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Images and Their Uses

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What is an image?

The image is often seen, after it has been written, as being one of two things. It is either something that represents a thing in the "real" world, or it is seen as its own thing, divorced from the burden of representing anything other than itself. It is the latter definition that has come into more common use. As many philosophers have recently shown, written language is more than simply representational. This means that the image, rather than being something that stands in for something else, is seen as something in and of itself; tied to the things of the world, but not burdened by "representing them directly."

Instead of staying in the abstract, let's look at an example of the formation of an image. We'll start with the following phrase:

The yellow lemon

If image were merely a stand-in for something, then the phrase "The yellow lemon" would be an image. While we can perhaps see a lemon (albeit a redundant "yellow" one), there is little evidence of a mind at work in this phrase. This particular lemon lacks certain characteristics that would convey that it is being truly experienced by a person, characteristics that more recent poets have defined more accurately.

Ezra Pound made perhaps the most widely used definition of image in the 20th century: "An 'Image' is that which presents an intellectual and emotional complex in an instant of time" (Pound 143). In Pound's definition, the image is not just a stand-in for something else; it is a putting-into-words of the emotional, intellectual and concrete stuff that we experience in any given moment. It is also important to note that an image in poetry, contrary to popular belief, is not simply visual. It can engage any of the senses. And, in fact, for it to be an image, it must engage at least one of the senses by using sensory detail.

Take, for example, the following image (we'll build on our previous example):

The sunlight in a lemon
makes me wince.

The words don't simply stand in for an absent object. There is suddenly a full experience in the words. It feels more human. There is something intellectual (one must convert the sunlight into vitamin C in order to know how the sunlight is involved), there is something sensual (taste, sour), and a bit of emotion (probably based on whether the reader, unlike the speaker in the poem, likes lemons). The instant of time is that of the speaker eating the lemon. The moment is frozen, so to speak, and given to the reader every time they read the image.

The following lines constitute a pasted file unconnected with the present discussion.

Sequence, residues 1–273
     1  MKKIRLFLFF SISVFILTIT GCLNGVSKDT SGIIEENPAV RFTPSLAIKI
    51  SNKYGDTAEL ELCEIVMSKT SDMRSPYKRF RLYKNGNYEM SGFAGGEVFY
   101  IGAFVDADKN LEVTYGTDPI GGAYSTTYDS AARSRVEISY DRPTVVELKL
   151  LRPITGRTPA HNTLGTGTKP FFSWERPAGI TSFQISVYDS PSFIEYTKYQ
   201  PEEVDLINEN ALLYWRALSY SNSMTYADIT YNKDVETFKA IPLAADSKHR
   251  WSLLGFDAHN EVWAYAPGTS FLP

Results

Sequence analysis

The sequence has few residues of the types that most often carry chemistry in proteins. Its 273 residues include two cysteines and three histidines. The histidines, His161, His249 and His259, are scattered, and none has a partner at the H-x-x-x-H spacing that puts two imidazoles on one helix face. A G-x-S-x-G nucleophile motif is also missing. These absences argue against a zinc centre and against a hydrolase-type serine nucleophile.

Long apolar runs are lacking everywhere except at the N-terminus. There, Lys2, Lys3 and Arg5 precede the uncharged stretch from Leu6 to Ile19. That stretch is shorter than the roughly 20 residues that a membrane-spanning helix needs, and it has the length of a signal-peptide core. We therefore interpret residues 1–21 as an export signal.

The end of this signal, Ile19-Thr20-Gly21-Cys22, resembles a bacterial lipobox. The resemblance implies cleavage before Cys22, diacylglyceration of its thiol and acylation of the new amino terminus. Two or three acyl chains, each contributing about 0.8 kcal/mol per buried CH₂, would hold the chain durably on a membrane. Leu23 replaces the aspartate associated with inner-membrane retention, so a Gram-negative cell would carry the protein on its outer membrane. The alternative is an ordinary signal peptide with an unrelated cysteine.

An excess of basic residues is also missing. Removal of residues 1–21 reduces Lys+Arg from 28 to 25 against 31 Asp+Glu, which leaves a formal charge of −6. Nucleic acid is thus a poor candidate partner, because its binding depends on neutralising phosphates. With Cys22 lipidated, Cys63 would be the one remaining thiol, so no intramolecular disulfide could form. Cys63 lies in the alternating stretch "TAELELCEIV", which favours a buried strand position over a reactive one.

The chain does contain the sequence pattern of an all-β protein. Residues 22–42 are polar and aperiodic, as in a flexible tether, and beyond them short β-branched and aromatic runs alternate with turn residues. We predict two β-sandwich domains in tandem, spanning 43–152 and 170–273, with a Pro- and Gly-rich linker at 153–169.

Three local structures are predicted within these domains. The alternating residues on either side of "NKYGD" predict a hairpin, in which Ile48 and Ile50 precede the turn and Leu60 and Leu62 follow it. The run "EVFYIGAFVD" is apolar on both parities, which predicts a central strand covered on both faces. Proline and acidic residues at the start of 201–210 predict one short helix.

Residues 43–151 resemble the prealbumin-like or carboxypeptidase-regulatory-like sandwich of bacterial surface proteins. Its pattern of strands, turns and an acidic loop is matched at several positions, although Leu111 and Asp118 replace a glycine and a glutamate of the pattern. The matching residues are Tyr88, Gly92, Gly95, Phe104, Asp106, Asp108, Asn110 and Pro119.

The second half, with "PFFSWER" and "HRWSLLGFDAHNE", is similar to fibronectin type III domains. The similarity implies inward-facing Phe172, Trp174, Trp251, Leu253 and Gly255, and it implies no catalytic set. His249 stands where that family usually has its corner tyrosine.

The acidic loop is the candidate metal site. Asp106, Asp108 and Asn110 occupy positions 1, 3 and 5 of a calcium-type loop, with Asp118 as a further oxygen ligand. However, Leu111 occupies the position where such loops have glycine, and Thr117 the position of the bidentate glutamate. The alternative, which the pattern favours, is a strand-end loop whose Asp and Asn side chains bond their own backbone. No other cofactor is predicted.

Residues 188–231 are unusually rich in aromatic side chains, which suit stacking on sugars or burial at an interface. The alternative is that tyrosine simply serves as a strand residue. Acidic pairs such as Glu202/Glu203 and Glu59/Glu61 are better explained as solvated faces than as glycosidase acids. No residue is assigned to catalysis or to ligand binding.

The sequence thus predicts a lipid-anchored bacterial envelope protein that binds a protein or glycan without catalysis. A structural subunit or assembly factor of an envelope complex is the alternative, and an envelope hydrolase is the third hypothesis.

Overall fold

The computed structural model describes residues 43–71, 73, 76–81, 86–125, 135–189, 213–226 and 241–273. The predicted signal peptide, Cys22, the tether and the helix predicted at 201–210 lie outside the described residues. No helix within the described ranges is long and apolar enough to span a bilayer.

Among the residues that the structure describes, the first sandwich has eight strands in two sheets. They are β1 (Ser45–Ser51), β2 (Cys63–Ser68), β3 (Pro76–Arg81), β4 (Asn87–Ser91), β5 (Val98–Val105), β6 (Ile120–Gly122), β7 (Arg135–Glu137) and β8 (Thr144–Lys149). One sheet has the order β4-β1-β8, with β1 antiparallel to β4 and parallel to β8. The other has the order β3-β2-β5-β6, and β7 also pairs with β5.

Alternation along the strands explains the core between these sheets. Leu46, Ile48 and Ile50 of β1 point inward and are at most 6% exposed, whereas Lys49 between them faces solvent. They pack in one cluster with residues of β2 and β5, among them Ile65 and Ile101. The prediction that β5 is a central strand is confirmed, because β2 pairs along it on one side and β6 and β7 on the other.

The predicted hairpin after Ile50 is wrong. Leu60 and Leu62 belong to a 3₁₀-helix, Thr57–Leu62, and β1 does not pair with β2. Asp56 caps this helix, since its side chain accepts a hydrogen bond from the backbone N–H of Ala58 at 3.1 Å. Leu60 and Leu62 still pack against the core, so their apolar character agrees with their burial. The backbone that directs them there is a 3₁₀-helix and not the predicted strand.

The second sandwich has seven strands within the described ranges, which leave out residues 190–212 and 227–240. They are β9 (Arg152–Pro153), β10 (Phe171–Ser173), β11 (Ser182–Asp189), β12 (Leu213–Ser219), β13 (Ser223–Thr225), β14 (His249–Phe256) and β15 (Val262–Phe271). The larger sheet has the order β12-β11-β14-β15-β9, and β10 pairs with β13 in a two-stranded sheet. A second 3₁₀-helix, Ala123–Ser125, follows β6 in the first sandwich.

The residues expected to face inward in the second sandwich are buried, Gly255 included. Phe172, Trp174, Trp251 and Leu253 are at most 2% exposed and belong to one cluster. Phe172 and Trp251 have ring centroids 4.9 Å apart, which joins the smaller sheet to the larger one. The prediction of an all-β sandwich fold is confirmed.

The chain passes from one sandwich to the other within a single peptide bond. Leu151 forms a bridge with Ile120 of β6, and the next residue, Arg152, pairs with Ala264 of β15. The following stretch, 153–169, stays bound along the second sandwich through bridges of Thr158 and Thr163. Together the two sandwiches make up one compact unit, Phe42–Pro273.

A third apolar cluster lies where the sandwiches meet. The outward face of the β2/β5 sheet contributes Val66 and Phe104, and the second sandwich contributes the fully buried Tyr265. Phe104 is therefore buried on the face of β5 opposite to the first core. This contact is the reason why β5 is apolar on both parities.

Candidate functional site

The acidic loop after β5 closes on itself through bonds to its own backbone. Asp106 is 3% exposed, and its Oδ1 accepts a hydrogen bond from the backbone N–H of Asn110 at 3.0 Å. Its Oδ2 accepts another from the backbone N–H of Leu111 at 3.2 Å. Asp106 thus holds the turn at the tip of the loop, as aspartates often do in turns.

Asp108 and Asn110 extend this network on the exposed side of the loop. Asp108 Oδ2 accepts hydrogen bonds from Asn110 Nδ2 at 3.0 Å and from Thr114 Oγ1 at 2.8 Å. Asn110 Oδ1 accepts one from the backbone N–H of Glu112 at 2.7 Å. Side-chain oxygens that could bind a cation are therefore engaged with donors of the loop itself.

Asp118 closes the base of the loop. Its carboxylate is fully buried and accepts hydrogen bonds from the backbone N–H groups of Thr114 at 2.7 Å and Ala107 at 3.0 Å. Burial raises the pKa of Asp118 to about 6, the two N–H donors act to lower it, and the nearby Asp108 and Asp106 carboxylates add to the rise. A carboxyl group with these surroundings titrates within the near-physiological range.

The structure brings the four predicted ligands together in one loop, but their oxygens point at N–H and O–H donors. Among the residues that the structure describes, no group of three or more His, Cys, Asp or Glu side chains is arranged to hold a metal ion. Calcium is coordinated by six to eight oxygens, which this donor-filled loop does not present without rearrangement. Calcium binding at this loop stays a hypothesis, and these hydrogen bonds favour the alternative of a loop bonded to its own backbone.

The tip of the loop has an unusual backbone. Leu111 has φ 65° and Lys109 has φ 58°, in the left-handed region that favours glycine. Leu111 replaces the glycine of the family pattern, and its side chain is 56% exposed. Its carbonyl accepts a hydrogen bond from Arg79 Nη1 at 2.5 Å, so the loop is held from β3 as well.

Poet Larry Levis felt this "freezing an instant of time" is what makes the image poignant. He said:

The image draws on, comes out of, the "world of the senses" and, therefore, originates in a world that passes, that is passing, every moment. Could it be, then, that every image, as image, has this quality of poignancy and vulnerability since it occurs, and occurs so wholeheartedly, in time? (117)

It is the potential of losing the image that gives it its power. The job of the poet is to freeze the image as well as possible in a way that feels very real and human (concrete, intellectual and emotional). Taste a lemon and the sensation last for only a few seconds; write an image that conveys what it is like to eat a lemon and the sensation lives longer.

What are the uses of an image?

Once an image is created, there is often a need to place it in the context of a larger poem. While many aspects of an image may be endlessly debatable, this one rarely is: images are the concrete, gut-level part of a poem. And their function within a poem reflects that.

The poet Tony Hoagland often speaks about poems having many levels, or chakras, as he calls them. The heady and purely intellectual stuff of a poem he calls the "rhetorical." This is where questions are asked, statements are made and hypotheses are hypothesized. The second level is diction. This is where the voice of the poet comes through and doesn't concern our discussion too much here. The gut level is the image. The image, says Hoagland, comes in to fill the spaces made in the rhetorical moves of the poem. Say the poet states:

We find sunlight
in the strangest places.

Now there is nothing resembling an image here. This statement is purely intellectual, or, in Hoagland's language, "rhetorical". This statement serves to open space in the poem, allowing something more grounded and earthy to come in. Our image from earlier may work after this somehow, or many other images could follow.

The amount of space opened by a rhetorical statement or question reflects how much room there is to fill in a poem. A small question or statement may merit a simple, small image. A more grandiose rhetorical movement may call for long lists of images. Walt Whitman's lists are a good example; he posits something and then lists sometimes hundreds of variations on the theme.

This way of looking at the placement of an image into a poem is somewhat limiting and by no means exhaustive. The key to using images well in a poem is to remember that images tend to produce gut-level responses in our readers. They feel the most real. They do, ultimately, convey (in very short order) a complete human experience in words. And that is why a study of poetry almost always begins with the image. It is the backbone, the grounding rod, of the poem. Few other aspects of our language can boast such a strength.

Works Cited

Bachelard, Gaston. The Poetics of Space. Trans. Maria Jolas. Boston: Beacon Press, 1964.

On Poetic Imagination and Reverie. Trans. Colette Gaudin. Dallas: Spring Publications, 1987.

Bierce, Ambrose. The Devil's Dictionary. Dover: New York, 1958.

Levis, Larry. The Gazer Within. Ann Arbor: U. of Michigan Press, 2001.

Pound, Ezra. "A Few Don'ts by an Imagiste," Poetry (Chicago) 1 [1913], pp. 198-206.